The battery on my Late 2012 Apple MacBook Pro Retina is garbage. It holds a charge for no more than 20 minutes, completely dies at approximately 50% reported battery charge remaining, and the menu has an exclamation point noting that I need to service my battery. Admittedly, this is after over four years of continuous usage for my research and studies and I’ve downplayed the warnings for almost a year now. I have avoided replacing the battery because I was nowhere near the maximum number of cycles that Apple claims I should be able to reach before the battery is considered “consumed” (~600 charge cycles vs. Apple’s stated max. of 1000). But I could not stand the fact that I can’t use my laptop without a power cable and none of the fixes suggested online were working (e.g., resetting the SMC). So, it was time to replace the battery.
This year, I am not attending the Vision Sciences Society annual meeting. Although I wish I could be there, a number of life events meant that I was not able to submit an abstract this year. However, I was able to generate an updated force-directed diagram of co-authorships (see last year’s 2015 VSS DNA and the year before’s 2014 VSS DNA). This year, we have 1462 abstracts being analyzed (43 more than last year). As with the previous visualizations, the graph was generated in Python using NetworkX, with authors and abstracts as nodes and edges corresponding to authorship. Individuals who are authors on more than one abstract will have edges connecting to those abstracts.
In this visualization, orange dots are abstracts, light blue dots correspond to individuals who are first authors, and dark blue dots correspond to the other author(s). You can view an interactive force-directed d3.js version here. The code for the graph and force-directed diagram generation is available on GitHub here. The scraping is notably faster this year because I am using Python 3.4+’s asyncio package. The notebooks can also be viewed using nbviewer.ipython.org:
For some time now, I have hit the storage limit on the 256GB SSD in my Late 2012 Apple MacBook Pro Retina. I’ve needed to move a significant chunk of data to external drives, which impedes access and frankly is a pain in the butt. I’ve considered a number of methods to upgrade the SSD, but Apple decided to use a proprietary connector for the SSD (rather than using the mSATA or, more recently, the M.2 standards), which has made upgrading more difficult/expensive than it should be. However, even though there were a few minor roadblocks, I ended up successfully upgrading the SSD using a combination of 3rd party modules. Since I could not find anecdotal reports of similar upgrades, I wanted to throw mine out into the ether.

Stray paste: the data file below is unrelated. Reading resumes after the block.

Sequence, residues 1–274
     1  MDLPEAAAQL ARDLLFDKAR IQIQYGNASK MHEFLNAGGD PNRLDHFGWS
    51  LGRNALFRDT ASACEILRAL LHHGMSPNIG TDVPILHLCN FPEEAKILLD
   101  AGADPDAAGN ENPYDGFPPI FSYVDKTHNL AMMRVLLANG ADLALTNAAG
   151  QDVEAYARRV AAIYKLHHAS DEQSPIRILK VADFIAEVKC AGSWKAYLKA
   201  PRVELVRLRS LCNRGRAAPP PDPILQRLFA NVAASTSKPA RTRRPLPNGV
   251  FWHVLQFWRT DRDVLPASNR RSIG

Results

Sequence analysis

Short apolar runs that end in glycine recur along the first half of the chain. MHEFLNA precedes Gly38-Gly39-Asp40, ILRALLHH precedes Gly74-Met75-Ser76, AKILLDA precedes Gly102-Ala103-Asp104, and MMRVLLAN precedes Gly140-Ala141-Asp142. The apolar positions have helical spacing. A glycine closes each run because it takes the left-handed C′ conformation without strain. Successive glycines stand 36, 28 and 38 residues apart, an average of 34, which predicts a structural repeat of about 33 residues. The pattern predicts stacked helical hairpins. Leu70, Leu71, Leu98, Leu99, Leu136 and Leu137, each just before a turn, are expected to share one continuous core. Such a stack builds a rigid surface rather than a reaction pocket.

Another year, another Vision Sciences Society force-directed diagram of co-authorships (see last year’s 2014 VSS DNA). This year, we have 1419 abstracts being analyzed. The graph was generated in Python using NetworkX, with authors and abstracts as nodes and edges corresponding to authorship. Individuals who are authors on more than one abstract will have edges connecting to those abstracts.
Orange dots are abstracts, light blue dots correspond to individuals who are first authors, and dark blue dots correspond to the other author(s). This visualisation should not to be interpreted as sets of in-groups/out-groups. It ignores past/future VSS co-authorships, casual collaborations, professional collaborations outside of VSS, and likely has inaccuracies due to the way authors’ names are analysed (see after the break for more). I am intrigued by the “scholarly social network” and this visualization is just one piece of a very incomplete puzzle.
I had a red and black The North Face backpack/Rucksack taken from a train in Frankfurt, Germany this past Monday, so I’m posting this online with the hope, however remote, to contact the individual(s) who removed the bag from the train and to see if they can contact me to return it. It contained my DSLR camera, lenses, and a number of personal keepsakes that have really hurt to lose.